Back in October the SWC hosted the Texas Holocaust and Genocide Commission’s (THGC) thirty-four panel, “Prijedor: Lives from the Bosnian Genocide” exhibit, and it was well received by its visitors. In mid-January it was installed at Midland College’s McCormick Gallery in Midland, Texas, where it will run through the end of February. We feel that this unique exhibit deserves one more mention by us to encourage interested folks to hurry over to Midland and check it out.
In the words of the THGC: “Genocides begin when intolerant and hateful individuals dehumanize others in a society by putting them into separate and unequal classes and deliberately harming them. According to the Genocide Watch organization, genocides and mass murders led to the killing of more than 170 million people, more than the sum of the deaths in all 20th and 21st century wars combined.” Prijedor was put together to educate the public about genocide through the story of the Bosnian city of Prijedor, where between 1992 and 1995 acts of genocide were committed. The exhibit “honors both the memory of the lives lost in the Prijedor genocide and the experiences of the survivors whose stories are told within the 34 panel series.”
Why is Midland hosting the exhibit? Much like the SWC, the McCormick Gallery has made it their mission is to exhibit, collect, and preserve history, in this case through the medium of art. The Prijedor exhibit aligns closely with those goals, and represents an opportunity to tell a story that for many has been forgotten in the decades since it occurred.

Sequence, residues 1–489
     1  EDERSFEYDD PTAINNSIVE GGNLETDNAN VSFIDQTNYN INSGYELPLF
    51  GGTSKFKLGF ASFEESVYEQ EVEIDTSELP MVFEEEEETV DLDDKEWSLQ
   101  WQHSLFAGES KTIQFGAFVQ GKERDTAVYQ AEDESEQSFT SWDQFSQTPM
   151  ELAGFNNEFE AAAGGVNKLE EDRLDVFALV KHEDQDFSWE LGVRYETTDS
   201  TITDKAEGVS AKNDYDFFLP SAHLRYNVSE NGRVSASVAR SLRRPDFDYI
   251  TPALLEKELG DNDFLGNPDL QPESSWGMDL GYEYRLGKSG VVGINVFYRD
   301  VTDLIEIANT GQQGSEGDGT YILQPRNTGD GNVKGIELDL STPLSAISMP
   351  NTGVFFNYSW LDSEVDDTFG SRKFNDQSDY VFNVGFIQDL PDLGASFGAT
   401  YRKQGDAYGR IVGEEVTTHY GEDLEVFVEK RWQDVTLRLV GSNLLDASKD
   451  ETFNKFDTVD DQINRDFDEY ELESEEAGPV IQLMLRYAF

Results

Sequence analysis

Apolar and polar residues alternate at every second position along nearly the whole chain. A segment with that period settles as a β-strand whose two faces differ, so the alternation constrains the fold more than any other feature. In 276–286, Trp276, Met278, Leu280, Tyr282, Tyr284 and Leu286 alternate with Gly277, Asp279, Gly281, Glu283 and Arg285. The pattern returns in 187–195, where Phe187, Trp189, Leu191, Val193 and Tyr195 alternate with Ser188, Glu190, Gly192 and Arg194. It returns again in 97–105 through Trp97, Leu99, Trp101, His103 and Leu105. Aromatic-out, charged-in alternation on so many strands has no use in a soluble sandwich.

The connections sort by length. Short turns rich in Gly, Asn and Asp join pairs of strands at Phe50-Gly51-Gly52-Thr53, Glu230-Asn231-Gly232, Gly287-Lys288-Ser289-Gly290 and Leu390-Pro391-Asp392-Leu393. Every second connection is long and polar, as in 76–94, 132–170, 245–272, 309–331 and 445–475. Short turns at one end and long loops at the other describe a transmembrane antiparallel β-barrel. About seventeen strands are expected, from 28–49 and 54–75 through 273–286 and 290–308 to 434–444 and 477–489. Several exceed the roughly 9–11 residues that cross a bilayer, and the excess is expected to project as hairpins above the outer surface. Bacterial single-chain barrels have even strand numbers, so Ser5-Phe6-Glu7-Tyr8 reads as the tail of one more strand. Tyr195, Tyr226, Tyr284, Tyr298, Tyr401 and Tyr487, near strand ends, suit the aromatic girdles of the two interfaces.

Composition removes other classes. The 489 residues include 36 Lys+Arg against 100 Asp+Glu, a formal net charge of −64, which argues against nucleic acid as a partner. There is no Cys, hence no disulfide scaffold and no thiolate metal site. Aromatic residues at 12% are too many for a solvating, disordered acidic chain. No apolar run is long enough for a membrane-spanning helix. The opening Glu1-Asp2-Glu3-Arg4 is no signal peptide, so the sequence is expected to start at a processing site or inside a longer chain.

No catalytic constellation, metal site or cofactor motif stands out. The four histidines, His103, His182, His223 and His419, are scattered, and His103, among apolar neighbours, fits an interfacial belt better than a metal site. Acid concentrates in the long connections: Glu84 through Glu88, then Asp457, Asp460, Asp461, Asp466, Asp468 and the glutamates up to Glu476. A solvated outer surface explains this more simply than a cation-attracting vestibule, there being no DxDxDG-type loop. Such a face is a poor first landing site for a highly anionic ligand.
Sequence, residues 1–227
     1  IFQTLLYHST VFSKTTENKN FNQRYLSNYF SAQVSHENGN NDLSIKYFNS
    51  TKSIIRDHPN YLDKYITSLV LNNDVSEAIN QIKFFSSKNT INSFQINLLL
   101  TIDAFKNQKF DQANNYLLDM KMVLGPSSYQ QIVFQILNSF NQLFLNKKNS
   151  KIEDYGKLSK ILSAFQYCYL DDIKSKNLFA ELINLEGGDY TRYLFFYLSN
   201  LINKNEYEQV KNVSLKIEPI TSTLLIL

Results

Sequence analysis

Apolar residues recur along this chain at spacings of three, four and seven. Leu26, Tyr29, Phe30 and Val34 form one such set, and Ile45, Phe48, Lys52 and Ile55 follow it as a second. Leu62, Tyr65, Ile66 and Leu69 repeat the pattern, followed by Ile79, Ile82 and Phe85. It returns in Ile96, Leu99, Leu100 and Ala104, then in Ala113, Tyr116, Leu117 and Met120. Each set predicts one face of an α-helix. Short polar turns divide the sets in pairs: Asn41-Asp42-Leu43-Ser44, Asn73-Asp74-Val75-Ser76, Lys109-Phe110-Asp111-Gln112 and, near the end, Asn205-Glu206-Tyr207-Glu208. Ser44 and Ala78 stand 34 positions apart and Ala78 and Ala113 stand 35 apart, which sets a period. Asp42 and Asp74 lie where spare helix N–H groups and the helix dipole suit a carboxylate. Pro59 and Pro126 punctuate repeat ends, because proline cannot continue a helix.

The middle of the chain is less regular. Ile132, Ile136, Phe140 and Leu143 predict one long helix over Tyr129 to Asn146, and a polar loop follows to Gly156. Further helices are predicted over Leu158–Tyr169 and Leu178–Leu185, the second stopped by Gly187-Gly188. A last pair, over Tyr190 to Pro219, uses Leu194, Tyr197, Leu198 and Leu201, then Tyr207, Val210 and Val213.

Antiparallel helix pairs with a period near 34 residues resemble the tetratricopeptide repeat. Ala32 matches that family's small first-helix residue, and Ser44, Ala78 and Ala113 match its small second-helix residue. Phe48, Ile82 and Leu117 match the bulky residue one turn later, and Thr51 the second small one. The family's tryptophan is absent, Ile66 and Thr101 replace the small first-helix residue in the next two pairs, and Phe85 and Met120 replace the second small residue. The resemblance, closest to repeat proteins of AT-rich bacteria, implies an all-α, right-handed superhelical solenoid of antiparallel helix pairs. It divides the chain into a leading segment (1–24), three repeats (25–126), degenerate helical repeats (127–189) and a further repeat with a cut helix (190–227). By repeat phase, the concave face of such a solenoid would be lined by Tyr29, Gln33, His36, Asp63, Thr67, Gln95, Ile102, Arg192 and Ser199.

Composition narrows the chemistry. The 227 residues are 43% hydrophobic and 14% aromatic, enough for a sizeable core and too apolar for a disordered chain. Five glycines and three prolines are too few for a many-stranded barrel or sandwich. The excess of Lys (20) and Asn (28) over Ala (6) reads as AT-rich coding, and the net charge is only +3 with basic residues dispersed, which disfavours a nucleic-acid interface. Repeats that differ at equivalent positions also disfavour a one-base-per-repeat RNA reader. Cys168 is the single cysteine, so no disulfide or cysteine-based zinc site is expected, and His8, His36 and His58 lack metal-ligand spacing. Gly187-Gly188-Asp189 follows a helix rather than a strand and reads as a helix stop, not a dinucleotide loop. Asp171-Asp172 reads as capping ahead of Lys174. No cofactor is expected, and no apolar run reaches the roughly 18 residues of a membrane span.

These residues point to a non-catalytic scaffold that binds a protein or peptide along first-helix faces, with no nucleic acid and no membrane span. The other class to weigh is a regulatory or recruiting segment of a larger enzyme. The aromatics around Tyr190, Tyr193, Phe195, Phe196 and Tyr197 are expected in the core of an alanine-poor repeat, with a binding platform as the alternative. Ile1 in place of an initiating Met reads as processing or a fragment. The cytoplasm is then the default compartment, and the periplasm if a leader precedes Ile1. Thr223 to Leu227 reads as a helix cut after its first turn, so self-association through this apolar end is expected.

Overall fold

The SWC hosted the THGC’s quarterly meeting in late October 2013, whereat we were able to speak with the many individuals who made this exhibit possible. They were passionate about their mission to increase awareness of genocide, and talked at length about their many educational programs and events. Perhaps Chaja Verveer, THGC commissioner and a Holocaust survivor, sums it up best: “Our kids need to be taught to recognize and fight bigotry, to stem hatred and prejudice, and learn about living together, embracing diversity.”
Texas Holocaust and Genocide Commission programs include teacher workshops providing guidance in teaching the Holocaust and other genocides, the recording of concentration camp liberator oral histories, and the enhancing of social studies curriculum through requiring the teaching of genocide-related content in school classrooms. For more information regarding Texas Holocaust and Genocide Commission programs and Genocide Awareness and Prevention Month (April), please do not hesitate to contact them.
The “Prijedor: Lives from the Bosnian Genocide” exhibit is open to all. College students, middle and high school students, and educators are particularly encouraged to attend. Note also that the University of Texas at Tyler will host the exhibit in March 2014.
– by the Texas Holocaust and Genocide Commission